Covid: Greece to fine over-60s who refuse Covid-19 vaccine

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A patient receives a dose of vaccine against Covid-19 in Thessaloniki, GreeceImage source, AFP via Getty Images
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Greece will be the first country in the EU to target a specific age group

Greece is to make Covid vaccinations mandatory for people aged 60 and over.

Fines of €100 (£85) will be imposed at monthly intervals from mid-January on those who refuse, Prime Minister Kyriakos Mitsotakis said.

The money will go towards the Greek health system, which is struggling with a surge in hospital admissions.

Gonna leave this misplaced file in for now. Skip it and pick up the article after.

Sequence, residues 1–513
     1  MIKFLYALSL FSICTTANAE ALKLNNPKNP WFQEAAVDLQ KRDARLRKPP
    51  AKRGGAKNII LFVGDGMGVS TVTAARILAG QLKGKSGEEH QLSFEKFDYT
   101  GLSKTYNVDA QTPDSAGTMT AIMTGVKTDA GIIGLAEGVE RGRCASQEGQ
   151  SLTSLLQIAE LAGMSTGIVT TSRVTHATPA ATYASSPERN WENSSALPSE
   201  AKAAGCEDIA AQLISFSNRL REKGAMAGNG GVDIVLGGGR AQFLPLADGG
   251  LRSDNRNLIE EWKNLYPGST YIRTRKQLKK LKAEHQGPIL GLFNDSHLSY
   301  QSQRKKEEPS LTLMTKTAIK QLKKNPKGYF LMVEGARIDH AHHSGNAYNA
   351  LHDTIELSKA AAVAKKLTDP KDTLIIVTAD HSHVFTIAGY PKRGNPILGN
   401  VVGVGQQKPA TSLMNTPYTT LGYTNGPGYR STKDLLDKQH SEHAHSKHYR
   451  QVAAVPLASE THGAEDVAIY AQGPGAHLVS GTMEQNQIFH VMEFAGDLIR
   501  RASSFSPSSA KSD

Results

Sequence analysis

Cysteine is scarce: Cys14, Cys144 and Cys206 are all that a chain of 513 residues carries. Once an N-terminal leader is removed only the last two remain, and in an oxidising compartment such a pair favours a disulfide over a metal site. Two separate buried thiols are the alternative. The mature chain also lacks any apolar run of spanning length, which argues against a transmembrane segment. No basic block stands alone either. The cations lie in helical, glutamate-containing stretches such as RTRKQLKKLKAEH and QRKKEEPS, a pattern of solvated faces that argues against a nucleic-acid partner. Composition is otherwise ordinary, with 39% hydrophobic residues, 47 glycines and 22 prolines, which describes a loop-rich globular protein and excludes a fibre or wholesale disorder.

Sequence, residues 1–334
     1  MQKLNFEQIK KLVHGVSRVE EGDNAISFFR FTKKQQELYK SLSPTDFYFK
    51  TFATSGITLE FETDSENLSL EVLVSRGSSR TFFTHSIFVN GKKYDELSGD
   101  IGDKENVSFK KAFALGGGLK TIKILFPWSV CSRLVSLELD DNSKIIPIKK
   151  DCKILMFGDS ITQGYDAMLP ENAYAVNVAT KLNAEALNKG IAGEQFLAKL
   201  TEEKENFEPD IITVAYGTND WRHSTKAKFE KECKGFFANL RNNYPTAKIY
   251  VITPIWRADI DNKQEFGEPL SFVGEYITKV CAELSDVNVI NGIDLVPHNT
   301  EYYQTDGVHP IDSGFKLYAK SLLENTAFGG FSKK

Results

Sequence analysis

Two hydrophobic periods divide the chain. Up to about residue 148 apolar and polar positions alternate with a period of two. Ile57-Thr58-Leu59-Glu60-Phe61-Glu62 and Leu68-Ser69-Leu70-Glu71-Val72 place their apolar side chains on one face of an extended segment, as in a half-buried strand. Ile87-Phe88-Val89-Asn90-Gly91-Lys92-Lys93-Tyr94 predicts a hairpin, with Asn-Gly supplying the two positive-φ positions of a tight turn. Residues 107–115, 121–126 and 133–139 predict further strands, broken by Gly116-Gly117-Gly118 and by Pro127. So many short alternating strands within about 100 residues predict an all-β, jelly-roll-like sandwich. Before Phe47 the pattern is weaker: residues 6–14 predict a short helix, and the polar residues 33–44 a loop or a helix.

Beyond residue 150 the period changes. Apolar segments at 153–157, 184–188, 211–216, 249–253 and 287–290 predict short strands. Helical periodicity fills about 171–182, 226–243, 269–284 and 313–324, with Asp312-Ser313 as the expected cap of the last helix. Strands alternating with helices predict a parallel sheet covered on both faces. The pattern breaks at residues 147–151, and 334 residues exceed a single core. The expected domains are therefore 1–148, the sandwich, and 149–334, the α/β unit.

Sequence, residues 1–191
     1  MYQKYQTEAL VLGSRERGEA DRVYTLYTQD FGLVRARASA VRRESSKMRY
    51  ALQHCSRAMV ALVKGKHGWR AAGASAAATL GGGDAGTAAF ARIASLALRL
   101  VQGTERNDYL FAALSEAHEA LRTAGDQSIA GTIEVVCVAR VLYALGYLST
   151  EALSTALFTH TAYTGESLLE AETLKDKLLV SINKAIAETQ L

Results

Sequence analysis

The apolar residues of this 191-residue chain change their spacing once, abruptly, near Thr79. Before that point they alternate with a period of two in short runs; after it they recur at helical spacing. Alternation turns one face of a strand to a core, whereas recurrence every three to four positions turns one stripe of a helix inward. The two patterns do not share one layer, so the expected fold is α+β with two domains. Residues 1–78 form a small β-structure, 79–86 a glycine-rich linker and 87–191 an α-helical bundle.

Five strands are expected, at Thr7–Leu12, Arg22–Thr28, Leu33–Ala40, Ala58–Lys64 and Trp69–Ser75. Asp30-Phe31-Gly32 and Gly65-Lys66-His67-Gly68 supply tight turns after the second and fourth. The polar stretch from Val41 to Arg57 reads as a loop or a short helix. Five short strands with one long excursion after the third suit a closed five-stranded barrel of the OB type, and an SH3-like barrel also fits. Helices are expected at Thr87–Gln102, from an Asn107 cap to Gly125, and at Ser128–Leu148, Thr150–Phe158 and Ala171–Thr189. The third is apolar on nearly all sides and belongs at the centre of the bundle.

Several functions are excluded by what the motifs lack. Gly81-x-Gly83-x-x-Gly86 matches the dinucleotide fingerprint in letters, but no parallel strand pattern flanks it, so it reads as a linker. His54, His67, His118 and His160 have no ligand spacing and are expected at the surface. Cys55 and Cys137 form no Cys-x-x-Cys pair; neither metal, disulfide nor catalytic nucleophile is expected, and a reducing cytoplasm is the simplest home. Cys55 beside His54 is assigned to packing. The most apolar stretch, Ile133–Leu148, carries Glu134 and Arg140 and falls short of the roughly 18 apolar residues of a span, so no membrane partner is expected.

About 63% of Greece's 11-million population is fully vaccinated, but data show more than 520,000 people over 60 are yet to get the jab.

"Greeks over the age of 60... must book their appointment for a first jab by January 16," the premier said in a statement to the cabinet.

"Their vaccination is henceforth compulsory."

The measure is still to be put to a parliamentary vote, he said, but lawmakers are widely expected to approve it.

While countries have made vaccines mandatory for health workers and other high-risk workers, Greece will become the first in the EU to target a specific age group.

Austria has announced that compulsory Covid vaccinations will start in February.

Syriza, Greece's main opposition party, called the new measures punitive and financially excessive.

Mr Mitsotakis said the decision had "tortured" him but he felt a "heavy responsibility in standing next to those most vulnerable, even if it might fleetingly displease them".

The virus has claimed more than 18,000 lives in Greece.

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